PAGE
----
"Its attachment to private property was more staunch than any Conservative party; it shared with Liberalism an absolute devotion to democratic government, and also a dislike of excessive state interference with the life of groups and individuals; its social ideals were close to Socialism. Most of the parties advocated a share for workers on the control and profits of industry."

But all these similarities were held with a difference: the Peasant idea of property was very different from that of the Conservatives in western 'acquisitive society', and the dislike of state interference was equally far from a belief in laissez-faire.

In regard to land, especially, the peasants believed empirically in a 'property of use' - ie, land to the tiller. Holding such ideas on property in land they were very unlikely to approve the unrestricted accumulation of other forms of property.

A cardinal point of the Peasant programmes was the need to restrict and gradually eliminate the function and power of capitalist middlemen - bankers, traders etc; but they wanted this done through co-operative action, the axis on which their whole economic thinking revolved, and not the Marxist way through wholesale nationalisation.

'Eclectic, not dogmatic'

If they rejected the Soviet collectivist system, it was above all because by its nature it would be made and controlled centrally from the towns. The Peasant movement, says Mitrany, "was eclectic, not dogmatic" except insofar as it was steadfastly rural:

"The movement naturally had a bias towards a rural society, towards 'an agrarian system based on the peasant's own labour and private ownership, restricted by public interest.' The small family holding was to be its foundation because they looked upon it not merely as a means of living but as a way of life."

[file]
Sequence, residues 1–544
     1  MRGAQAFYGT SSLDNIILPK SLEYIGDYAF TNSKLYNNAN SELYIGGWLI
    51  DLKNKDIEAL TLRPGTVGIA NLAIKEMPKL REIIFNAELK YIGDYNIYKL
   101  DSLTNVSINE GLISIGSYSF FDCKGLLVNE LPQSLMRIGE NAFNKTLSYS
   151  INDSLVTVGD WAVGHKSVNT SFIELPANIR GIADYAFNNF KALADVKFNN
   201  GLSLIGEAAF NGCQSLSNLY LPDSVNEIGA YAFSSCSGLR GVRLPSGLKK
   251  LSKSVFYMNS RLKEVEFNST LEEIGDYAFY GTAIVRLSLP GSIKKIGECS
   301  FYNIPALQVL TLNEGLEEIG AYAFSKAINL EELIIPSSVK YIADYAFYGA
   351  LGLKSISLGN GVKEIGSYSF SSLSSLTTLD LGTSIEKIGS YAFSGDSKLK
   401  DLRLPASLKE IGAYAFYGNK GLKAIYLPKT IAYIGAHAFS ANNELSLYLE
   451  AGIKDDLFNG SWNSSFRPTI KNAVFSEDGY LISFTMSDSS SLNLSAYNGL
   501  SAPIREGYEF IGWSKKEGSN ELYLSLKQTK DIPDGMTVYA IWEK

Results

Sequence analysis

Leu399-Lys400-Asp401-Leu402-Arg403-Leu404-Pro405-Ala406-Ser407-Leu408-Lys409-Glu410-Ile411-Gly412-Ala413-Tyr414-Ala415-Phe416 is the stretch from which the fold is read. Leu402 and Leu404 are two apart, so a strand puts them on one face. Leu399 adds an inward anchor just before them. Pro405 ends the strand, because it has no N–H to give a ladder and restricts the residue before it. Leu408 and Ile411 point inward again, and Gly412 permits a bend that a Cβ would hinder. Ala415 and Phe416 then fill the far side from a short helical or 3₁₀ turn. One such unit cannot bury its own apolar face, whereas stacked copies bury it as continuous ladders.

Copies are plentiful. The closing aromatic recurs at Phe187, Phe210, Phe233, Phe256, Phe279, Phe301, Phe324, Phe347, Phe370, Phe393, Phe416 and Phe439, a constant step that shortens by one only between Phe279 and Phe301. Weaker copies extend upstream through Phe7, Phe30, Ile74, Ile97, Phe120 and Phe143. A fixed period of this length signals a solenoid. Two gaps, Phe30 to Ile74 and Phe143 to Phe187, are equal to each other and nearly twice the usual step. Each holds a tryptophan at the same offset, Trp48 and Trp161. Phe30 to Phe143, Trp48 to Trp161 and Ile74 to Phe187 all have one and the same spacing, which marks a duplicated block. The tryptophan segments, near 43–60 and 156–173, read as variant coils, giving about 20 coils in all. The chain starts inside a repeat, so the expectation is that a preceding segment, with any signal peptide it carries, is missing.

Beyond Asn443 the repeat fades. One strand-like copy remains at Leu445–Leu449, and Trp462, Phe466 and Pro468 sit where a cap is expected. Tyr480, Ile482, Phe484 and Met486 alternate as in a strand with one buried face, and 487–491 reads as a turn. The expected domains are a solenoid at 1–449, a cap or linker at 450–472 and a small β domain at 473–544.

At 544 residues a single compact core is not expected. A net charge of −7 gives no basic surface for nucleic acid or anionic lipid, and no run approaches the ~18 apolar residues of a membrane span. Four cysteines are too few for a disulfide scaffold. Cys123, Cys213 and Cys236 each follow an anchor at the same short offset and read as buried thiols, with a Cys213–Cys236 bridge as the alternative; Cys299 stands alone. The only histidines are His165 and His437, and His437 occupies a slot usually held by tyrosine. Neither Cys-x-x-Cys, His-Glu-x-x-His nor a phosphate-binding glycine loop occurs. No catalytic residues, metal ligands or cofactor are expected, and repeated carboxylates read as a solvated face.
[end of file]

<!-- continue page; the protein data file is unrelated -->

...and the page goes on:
In this context farming was carried out initially for subsistence, and only secondarily for the market, and as a result farms tended to shun monoculture and produce a range of products - dairy, vegetables, pork, seeds, fuelwood and so on as well as corn - so as to meet household needs. But the Peasant movement was not inherently anti-industrial:

"Any new industries had to meet two conditions above all: to produce things needed by the mass of the people, and, using native materials in the process, to give employment to as large a number of them as possible. For this reason the Peasant movement wanted industries to be scattered widely in smaller units across the land, to give the peasants additional employment during the slack season."

This was a programme that had been mapped out only a few years before by the anarchist Peter Kropotkin, in his book Fields, Factories and Farming.

Victims of their own ideals

Although they were successful at gaining power, the Peasant parties were not very good at holding onto it. Only in Czechoslovakia did the Republican Party of Farmers and Small Peasants remain the dominant partner in a coalition government until 1939 when the country was invaded by Hitler.

In most of the other nations the peasant parties were ousted by dictatorships and often continued only as parties in exile. Mitrany identifies a number of reasons for this failure. First of all they were politically naive: